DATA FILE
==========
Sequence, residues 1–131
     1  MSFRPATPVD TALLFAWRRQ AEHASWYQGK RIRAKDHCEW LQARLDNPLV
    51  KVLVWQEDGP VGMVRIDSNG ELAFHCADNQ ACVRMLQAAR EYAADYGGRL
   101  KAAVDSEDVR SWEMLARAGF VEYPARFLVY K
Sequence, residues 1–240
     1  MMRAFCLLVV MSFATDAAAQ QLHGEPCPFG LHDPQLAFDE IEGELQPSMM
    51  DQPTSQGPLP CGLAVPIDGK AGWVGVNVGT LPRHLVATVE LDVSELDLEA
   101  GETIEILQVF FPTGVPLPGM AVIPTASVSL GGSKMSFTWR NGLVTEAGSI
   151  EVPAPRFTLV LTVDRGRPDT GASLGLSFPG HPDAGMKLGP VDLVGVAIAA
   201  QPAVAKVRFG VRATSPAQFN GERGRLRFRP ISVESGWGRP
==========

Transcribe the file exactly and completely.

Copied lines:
Sequence, residues 1–131
     1  MSFRPATPVD TALLFAWRRQ AEHASWYQGK RIRAKDHCEW LQARLDNPLV
    51  KVLVWQEDGP VGMVRIDSNG ELAFHCADNQ ACVRMLQAAR EYAADYGGRL
   101  KAAVDSEDVR SWEMLARAGF VEYPARFLVY K
Sequence, residues 1–240
     1  MMRAFCLLVV MSFATDAAAQ QLHGEPCPFG LHDPQLAFDE IEGELQPSMM
    51  DQPTSQGPLP CGLAVPIDGK AGWVGVNVGT LPRHLVATVE LDVSELDLEA
   101  GETIEILQVF FPTGVPLPGM AVIPTASVSL GGSKMSFTWR NGLVTEAGSI
   151  EVPAPRFTLV LTVDRGRPDT GASLGLSFPG HPDAGMKLGP VDLVGVAIAA
   201  QPAVAKVRFG VRATSPAQFN GERGRLRFRP ISVESGWGRP